Bethesda And Notch’s Scrolls-Off Explained

Artist's impression of how a royalty payment to Bethesda might look

While Minecraft creator Marcus ‘Notch’ Persson remains an avowed fan of Bethesda games, the legal argy-bargy between the Elder Documents publisher and Notch’s company Mojang over its forthcoming second game ‘Scrolls’ doesn’t look like dying down any time soon. In fact, the big B has stepped up its efforts, announcing its intention to sue Mojang in a Swedish court, as well as a demand for money. In a blog post explaining a little of his side of things, Notch reveals that this all happened shortly after Mojang tried to trademark ‘Scrolls’, which rang alarm bells for the rights-holders of The Elder Rolled-Up Papers. Common sense has had us all thinking the situation is simply ridiculous – one word within a title hardly equals the same title, right?

Well, it may not be that simple. In other words- Bethesda might well have a case, regardless of how you might feel about it.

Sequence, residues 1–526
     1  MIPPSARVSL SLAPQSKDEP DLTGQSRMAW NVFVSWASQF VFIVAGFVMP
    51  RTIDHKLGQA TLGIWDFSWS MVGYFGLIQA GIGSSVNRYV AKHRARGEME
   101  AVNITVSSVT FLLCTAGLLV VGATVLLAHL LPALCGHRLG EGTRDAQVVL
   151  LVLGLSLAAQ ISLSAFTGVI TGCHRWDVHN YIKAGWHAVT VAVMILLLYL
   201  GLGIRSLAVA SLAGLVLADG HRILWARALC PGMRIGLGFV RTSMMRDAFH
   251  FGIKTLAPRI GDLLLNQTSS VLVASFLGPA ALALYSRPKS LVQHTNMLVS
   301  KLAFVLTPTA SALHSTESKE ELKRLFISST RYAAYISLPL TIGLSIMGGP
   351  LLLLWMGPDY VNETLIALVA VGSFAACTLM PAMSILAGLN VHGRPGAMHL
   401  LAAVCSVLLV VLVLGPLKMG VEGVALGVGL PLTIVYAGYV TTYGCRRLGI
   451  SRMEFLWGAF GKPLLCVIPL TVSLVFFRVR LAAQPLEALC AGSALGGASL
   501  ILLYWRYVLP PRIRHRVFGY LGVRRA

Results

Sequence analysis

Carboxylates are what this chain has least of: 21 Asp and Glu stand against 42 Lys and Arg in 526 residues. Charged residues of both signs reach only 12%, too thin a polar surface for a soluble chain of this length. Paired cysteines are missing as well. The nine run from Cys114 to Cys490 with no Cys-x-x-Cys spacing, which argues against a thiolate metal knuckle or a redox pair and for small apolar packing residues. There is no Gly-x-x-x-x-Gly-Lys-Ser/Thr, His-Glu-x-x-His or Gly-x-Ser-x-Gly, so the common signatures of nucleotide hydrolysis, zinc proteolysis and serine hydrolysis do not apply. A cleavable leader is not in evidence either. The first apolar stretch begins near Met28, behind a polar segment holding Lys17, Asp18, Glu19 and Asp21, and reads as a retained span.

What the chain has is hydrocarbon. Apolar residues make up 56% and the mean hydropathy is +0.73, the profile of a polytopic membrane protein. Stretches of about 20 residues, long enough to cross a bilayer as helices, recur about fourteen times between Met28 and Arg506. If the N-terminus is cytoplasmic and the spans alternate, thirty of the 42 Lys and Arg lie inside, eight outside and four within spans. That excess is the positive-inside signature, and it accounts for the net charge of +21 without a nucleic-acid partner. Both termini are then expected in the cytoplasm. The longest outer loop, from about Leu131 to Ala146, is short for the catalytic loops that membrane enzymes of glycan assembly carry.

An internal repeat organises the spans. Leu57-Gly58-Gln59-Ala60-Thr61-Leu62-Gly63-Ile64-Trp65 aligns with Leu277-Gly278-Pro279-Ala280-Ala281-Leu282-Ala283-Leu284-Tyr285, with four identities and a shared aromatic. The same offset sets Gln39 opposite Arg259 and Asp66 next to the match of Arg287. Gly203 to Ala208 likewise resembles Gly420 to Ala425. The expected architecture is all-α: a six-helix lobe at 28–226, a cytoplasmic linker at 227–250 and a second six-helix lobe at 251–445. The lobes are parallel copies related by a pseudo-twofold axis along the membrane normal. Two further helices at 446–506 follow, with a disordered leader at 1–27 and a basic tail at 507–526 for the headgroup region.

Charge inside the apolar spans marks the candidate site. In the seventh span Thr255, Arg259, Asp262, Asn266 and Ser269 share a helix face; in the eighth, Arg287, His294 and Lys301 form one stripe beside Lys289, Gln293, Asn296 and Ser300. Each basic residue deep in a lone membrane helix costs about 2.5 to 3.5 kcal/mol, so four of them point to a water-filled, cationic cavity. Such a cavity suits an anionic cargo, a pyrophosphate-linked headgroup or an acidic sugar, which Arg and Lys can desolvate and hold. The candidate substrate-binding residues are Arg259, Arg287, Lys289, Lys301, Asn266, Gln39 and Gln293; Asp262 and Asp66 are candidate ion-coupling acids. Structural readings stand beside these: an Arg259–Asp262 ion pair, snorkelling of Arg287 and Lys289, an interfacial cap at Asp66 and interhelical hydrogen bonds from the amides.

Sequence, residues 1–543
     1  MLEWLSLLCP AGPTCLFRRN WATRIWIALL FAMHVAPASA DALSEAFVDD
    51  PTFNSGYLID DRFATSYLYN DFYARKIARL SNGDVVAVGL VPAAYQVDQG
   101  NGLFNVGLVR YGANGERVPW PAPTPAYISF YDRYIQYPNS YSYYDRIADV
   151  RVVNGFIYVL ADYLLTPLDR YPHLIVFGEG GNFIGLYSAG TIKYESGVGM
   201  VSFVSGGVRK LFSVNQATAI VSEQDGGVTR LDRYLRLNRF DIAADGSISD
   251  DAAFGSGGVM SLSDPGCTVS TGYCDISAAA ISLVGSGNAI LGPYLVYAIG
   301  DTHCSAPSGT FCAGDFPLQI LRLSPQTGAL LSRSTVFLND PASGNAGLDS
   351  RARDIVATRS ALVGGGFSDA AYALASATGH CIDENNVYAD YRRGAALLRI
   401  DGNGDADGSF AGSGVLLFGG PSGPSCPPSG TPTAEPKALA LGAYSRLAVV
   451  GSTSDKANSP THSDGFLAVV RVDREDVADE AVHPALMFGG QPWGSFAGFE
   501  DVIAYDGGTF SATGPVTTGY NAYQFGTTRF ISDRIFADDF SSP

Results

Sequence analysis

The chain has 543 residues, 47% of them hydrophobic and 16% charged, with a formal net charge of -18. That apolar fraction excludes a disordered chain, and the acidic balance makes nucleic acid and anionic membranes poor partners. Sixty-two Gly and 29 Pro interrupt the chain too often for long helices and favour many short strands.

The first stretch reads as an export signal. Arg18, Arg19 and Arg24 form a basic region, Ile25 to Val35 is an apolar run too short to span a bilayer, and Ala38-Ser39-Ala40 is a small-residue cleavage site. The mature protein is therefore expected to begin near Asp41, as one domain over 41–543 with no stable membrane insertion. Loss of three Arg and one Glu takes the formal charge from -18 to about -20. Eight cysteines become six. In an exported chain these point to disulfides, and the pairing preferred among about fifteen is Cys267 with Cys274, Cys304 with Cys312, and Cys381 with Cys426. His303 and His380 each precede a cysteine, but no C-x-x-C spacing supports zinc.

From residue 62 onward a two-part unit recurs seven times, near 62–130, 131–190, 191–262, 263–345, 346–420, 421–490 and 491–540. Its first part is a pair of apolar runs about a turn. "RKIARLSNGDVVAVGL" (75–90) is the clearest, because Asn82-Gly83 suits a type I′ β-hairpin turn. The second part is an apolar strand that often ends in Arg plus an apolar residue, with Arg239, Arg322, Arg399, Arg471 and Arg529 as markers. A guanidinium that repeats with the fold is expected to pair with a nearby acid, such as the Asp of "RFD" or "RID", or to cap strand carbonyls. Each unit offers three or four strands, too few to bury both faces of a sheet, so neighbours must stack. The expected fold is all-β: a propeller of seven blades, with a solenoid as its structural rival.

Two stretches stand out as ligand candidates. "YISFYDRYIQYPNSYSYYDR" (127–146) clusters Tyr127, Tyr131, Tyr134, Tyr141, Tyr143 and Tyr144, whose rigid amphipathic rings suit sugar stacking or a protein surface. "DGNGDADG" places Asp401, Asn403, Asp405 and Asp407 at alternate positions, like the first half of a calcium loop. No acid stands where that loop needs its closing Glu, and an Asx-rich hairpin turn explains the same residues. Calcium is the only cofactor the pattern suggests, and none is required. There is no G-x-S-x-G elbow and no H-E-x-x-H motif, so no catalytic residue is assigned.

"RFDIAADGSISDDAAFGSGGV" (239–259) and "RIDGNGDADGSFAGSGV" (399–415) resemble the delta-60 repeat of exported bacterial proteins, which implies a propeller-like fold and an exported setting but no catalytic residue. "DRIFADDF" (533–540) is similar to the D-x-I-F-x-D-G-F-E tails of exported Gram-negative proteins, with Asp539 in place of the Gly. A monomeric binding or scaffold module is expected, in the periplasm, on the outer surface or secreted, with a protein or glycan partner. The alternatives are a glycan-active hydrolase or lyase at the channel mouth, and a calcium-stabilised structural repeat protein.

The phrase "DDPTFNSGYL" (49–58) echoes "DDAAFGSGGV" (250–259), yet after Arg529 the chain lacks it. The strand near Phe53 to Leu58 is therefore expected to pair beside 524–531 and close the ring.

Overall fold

Games lawyer and friend of RPS Jas Purewal writes on his Gamer/Law blog has taken a long look at the situation and how it relates to trademark law, feeling that it boils down to these two key arguments:

(1) Is Mojang selling identical or similar goods/services to Bethesda in an identical/similar business?
(2) Is there a likelihood of public confusion between Scrolls and The Elder Scrolls?

It’s the second point that might be the lychpin of any action (or settlement), he claims, but there’s no cut and dried answer to it. “On the one hand, clearly The Elder Scrolls IS the foremost game series to use the word ‘Scrolls’ and a consumer may therefore think that the Mojang game Scrolls is part of the Elder Scrolls series. On the other hand, the Mojang game Scrolls is reportedly going to be a different game to The Elder Scrolls series and Mojang itself has a good brand profile among gamers, making it arguably less likely that its game would be connected with Bethesda. Then again, if you just look at the games themselves, both are fantasy themed (one first person RPG, the other a card playing game with RPG elements) so is there a risk of confusion there? As you can see, it’s far from a straightforward yes/no answer.”